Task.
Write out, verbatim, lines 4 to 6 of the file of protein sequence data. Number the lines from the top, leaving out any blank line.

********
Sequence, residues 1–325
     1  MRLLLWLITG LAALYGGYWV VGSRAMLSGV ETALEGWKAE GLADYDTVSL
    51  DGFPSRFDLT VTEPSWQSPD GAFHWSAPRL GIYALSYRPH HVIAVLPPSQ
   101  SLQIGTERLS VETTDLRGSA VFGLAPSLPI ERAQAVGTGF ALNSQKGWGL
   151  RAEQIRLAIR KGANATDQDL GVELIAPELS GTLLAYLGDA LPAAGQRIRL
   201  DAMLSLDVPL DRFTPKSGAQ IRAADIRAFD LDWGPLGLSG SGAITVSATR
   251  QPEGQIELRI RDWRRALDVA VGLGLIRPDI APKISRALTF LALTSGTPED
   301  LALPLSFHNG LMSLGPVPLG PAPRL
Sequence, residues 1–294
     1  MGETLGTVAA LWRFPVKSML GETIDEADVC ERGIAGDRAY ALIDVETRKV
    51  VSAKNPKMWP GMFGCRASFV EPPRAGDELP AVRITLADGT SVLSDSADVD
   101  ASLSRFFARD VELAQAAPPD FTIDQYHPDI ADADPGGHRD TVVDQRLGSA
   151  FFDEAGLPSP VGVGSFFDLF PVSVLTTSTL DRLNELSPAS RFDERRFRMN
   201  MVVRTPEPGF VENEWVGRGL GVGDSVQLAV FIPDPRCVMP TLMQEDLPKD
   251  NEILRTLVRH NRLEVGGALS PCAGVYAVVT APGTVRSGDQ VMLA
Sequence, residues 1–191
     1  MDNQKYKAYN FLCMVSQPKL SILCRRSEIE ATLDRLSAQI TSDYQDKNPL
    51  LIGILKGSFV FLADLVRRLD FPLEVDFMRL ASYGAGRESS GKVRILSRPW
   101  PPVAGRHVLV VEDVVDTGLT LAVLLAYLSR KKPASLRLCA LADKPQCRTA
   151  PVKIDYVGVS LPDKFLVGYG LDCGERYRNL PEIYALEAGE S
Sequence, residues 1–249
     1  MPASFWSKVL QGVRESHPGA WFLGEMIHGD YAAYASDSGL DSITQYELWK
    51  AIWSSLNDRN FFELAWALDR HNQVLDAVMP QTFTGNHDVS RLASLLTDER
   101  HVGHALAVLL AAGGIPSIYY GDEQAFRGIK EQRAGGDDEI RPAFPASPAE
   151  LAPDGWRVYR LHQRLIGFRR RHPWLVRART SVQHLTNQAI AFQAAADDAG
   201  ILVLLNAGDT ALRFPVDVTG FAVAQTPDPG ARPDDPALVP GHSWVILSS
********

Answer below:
   101  SLQIGTERLS VETTDLRGSA VFGLAPSLPI ERAQAVGTGF ALNSQKGWGL
   151  RAEQIRLAIR KGANATDQDL GVELIAPELS GTLLAYLGDA LPAAGQRIRL
   201  DAMLSLDVPL DRFTPKSGAQ IRAADIRAFD LDWGPLGLSG SGAITVSATR